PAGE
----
1.0 NAPNAP Contact Hour of which 0.25 contain Pharmacology content. This continuing education activity is offered free to NAPNAP Members. For non- members, this continuing education activity rate is $10. Psoriasis, which affects up to 2% of children may be associated with significant comorbidity, including obesity, diabetes, cardiovascular disease, depression, and reduced quality of life. Screening and decision-making require a multidisciplinary approach with the management of potential comorbidities championed by primary care providers and supported by respective specialists and subspecialists. Research into the comorbidities and systemic manifestations has generated significant data culminating in several proposals for a consensus guideline for both pediatric and nonpediatric populations. Our aim is to provide a summary targeted to the pediatric primary care provider from the best available evidence when caring for children with psoriasis. J Pediatr Health Care. (2021) 35, 337−350
  • Primary Care
  • FREE for Members
  • Contact hours
$10.00
1.0 NAPNAP contact hour of which 0.25 contain pharmacology content. This continuing education actvity is offered free to NAPNAP members. For non-members, this continuing education activity rate is $10.00. Pediatric hair loss is a cause of concern for patients and families. Early diagnosis and treatment are crucial, as delays in care for certain diagnoses can cause permanent scarring alopecia. The evaluation of hair loss includes a thorough history, physical examination, and other potential tests. The causes of hair loss can be classified as either acquired versus congenital. Acquired causes of hair loss can be subdivided into scarring and nonscarring; however, some conditions may present as nonscarring and progress to scarring alopecia. Recommendations for the evaluation and treatment of pediatric hair loss for the primary care practitioner will be summarized. J Pediatr Health Care. (2021) 35, 651−661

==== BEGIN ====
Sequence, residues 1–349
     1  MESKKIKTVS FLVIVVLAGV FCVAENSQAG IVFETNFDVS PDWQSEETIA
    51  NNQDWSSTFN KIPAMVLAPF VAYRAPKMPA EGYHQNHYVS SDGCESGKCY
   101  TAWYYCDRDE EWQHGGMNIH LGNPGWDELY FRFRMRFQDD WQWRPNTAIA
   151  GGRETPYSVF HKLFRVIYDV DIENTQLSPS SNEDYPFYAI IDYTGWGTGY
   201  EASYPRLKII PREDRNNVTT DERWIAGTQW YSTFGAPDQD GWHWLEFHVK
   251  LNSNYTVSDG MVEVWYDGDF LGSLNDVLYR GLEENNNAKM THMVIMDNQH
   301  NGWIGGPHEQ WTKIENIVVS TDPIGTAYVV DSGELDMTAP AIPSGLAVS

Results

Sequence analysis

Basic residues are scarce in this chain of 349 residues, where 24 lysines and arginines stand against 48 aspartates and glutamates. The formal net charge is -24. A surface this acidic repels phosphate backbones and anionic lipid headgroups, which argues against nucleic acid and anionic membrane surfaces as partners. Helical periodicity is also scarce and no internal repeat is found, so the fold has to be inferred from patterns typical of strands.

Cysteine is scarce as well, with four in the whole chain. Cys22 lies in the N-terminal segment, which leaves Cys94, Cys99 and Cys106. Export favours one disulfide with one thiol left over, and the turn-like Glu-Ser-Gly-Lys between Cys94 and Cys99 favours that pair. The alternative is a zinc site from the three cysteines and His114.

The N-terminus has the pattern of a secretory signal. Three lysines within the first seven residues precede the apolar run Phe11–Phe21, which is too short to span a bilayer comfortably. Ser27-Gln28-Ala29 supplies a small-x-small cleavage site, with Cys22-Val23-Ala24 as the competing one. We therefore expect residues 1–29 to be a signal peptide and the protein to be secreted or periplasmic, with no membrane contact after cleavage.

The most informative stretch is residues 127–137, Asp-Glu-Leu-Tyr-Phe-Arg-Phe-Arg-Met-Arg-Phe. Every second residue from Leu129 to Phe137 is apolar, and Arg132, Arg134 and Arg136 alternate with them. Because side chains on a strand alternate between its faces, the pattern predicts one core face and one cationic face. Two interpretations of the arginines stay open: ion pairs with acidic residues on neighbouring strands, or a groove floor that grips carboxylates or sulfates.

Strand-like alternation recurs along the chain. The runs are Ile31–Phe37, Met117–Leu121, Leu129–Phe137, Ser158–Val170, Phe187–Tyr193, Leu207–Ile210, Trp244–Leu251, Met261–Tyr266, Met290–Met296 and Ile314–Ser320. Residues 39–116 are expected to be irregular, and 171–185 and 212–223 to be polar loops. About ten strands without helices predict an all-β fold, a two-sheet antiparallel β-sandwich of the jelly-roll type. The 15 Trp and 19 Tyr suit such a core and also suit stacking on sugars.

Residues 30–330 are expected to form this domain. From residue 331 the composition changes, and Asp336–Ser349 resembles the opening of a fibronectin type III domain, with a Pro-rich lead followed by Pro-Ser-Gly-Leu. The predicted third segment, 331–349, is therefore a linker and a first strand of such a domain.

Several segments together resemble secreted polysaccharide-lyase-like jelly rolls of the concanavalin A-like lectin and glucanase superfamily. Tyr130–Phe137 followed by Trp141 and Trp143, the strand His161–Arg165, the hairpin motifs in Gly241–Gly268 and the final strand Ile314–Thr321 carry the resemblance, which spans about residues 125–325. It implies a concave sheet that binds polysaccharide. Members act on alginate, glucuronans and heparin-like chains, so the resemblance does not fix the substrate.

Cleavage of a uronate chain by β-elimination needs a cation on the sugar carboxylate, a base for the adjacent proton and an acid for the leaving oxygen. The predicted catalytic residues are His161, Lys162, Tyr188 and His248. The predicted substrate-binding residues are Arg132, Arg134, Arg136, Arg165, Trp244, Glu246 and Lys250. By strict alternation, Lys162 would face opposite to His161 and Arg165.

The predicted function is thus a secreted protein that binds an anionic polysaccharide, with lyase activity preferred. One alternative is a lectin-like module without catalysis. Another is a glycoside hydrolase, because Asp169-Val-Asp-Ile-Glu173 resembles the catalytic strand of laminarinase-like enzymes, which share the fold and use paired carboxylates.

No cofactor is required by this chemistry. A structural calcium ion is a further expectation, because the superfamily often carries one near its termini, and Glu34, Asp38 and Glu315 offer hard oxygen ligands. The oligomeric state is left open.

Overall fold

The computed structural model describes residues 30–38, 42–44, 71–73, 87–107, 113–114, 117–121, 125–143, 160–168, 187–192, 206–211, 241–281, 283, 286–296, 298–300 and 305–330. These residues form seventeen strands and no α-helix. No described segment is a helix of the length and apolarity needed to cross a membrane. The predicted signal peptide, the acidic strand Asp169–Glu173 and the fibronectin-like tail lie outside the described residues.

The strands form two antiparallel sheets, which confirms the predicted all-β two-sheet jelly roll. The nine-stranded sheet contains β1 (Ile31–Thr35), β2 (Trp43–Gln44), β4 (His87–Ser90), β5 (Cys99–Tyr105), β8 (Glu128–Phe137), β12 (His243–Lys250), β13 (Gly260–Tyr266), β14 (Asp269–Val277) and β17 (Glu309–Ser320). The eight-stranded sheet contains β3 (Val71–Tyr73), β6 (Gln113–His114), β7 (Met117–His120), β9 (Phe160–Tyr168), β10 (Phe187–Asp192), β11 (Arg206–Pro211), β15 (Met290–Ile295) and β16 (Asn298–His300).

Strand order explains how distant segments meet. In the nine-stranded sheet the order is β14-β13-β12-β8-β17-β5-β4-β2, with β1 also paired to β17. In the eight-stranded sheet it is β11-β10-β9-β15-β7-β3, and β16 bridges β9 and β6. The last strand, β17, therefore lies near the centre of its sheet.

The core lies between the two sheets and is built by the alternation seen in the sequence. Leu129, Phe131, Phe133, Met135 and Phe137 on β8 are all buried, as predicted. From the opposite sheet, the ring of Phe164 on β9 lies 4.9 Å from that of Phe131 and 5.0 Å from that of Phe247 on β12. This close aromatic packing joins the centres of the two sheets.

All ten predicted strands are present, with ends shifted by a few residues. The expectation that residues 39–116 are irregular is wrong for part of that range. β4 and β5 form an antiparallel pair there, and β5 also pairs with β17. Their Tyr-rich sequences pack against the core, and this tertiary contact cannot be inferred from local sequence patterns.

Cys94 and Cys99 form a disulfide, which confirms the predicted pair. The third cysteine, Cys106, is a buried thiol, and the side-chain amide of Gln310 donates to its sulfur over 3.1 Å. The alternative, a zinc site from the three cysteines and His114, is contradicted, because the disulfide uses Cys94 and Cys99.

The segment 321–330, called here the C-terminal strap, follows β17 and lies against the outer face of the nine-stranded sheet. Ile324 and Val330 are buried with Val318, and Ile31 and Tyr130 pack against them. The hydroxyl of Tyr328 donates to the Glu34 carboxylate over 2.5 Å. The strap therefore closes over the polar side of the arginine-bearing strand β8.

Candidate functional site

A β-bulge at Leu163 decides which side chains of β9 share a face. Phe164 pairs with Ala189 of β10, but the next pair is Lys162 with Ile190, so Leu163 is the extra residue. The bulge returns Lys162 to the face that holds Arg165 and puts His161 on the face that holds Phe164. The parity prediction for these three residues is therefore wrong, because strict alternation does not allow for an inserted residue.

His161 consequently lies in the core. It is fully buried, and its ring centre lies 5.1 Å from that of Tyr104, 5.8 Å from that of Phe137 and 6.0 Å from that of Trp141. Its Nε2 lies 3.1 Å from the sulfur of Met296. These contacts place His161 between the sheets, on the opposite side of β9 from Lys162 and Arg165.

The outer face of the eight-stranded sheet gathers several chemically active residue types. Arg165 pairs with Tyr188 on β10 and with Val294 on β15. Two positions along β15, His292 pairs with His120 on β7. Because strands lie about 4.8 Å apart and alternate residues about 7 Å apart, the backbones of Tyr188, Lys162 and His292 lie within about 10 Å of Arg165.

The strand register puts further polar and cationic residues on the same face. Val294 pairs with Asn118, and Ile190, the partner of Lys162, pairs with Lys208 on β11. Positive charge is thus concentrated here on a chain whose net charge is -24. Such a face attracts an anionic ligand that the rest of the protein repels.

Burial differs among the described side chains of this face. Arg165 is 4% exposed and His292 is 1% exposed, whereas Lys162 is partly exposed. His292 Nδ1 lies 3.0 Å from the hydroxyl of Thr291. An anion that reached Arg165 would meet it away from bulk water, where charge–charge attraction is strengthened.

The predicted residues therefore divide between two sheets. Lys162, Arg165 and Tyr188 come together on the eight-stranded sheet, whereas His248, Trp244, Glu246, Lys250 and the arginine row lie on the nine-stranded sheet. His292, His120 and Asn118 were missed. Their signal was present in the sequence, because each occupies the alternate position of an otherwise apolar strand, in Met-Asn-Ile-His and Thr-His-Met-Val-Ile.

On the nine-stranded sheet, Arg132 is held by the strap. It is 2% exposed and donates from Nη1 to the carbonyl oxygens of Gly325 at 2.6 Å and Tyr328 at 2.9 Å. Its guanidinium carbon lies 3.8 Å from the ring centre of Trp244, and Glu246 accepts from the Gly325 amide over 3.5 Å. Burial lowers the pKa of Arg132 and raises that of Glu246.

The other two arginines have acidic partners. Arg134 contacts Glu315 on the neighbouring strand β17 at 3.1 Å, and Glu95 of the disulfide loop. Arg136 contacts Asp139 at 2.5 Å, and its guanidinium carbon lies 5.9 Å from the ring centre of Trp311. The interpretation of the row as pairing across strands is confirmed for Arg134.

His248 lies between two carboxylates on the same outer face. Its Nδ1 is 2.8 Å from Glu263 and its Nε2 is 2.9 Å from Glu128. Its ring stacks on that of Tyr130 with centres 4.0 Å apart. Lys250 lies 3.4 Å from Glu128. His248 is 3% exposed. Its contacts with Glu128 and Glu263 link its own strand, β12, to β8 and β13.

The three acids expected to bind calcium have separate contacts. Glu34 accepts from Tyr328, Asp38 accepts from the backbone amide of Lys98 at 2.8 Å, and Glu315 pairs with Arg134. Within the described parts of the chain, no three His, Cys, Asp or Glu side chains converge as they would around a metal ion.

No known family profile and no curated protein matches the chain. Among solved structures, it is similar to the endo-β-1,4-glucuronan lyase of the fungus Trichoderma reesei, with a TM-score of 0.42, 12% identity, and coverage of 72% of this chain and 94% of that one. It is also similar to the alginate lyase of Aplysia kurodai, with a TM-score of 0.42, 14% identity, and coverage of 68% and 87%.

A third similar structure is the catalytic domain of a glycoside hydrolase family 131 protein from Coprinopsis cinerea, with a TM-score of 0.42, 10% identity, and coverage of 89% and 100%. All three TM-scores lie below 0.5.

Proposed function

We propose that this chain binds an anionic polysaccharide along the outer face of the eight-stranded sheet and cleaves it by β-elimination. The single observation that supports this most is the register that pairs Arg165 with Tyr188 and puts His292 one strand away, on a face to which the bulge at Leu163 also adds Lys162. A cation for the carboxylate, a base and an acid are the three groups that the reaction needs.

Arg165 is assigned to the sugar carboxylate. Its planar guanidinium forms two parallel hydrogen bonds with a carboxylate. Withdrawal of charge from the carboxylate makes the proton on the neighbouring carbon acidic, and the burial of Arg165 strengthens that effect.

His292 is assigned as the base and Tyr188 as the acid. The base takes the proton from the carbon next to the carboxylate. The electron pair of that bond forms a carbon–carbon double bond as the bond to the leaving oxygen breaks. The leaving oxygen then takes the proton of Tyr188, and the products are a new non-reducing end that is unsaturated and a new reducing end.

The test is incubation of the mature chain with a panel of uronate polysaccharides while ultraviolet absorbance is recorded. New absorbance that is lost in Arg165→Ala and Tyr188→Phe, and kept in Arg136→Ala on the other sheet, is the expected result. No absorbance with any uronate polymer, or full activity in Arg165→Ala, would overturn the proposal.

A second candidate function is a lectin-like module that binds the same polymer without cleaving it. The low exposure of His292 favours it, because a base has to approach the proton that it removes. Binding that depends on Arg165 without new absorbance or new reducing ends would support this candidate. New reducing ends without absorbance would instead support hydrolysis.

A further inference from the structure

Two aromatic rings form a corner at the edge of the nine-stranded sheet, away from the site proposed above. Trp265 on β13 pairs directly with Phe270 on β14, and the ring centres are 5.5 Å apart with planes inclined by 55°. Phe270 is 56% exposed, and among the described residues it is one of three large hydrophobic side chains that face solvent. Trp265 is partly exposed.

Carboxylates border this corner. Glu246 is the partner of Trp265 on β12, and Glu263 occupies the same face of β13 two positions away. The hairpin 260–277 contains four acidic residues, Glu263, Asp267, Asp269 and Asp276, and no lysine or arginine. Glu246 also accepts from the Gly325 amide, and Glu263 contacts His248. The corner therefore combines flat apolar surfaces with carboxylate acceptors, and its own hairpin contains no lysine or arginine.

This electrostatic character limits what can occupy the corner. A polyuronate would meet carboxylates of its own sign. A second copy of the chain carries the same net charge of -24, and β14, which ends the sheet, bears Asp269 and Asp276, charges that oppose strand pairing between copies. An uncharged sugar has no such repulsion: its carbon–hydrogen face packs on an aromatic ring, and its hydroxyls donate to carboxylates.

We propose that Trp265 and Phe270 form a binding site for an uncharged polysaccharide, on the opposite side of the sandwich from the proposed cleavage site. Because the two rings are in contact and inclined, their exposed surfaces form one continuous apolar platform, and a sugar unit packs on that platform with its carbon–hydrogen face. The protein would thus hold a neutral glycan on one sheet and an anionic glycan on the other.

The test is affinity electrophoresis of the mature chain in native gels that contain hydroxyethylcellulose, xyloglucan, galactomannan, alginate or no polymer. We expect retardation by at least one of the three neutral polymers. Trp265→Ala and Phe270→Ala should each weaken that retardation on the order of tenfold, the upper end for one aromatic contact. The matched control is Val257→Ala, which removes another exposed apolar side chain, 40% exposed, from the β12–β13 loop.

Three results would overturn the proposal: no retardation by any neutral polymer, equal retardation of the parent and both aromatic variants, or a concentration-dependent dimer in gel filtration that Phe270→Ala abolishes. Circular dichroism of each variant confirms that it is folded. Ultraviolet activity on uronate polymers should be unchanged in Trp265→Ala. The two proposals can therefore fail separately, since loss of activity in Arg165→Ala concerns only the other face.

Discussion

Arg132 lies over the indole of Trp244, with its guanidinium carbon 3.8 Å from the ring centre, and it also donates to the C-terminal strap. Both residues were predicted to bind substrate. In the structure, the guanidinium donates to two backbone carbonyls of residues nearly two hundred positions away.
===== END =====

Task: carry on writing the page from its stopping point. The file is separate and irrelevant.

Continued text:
• FREE for Members
  • Pharmacology CE
  • Contact hours
$10.00
0.75 NAPNAP Contact Hour of which contains 0.75 pharmacology content.. This continuing education activity is offered free to National Association of Pediatric Nurse Practitioners (NAPNAP) Members. For non- members, this continuing education activity rate is $10. Magnesium is the second most abundant intracellular cation in the body, and the fourth most abundant cation. Sixty percent of total body magnesium is stored in bone, 20% is located in skeletal muscle and the remaining 20% is distributed in various organ tissues, including the kidney, liver, and heart (Grober, Schmidt, & Kisters, 2015). Approximately 0.3% of magnesium is found in the serum (Grober et al., 2015). Therefore, determination of the serum magnesium concentration remains the best readily available test for magnesium deficiency, although it provides only an estimate of total body magnesium stores.This review article provides an overview of key disease states in pediatric patients where magnesium is part of the treatment. The treatment of hypomagnesemia and hypermagnesemia will be described, with review of dosing and timing of magnesium administration. J Pediatr Health Care. (2021) 35, 564-571.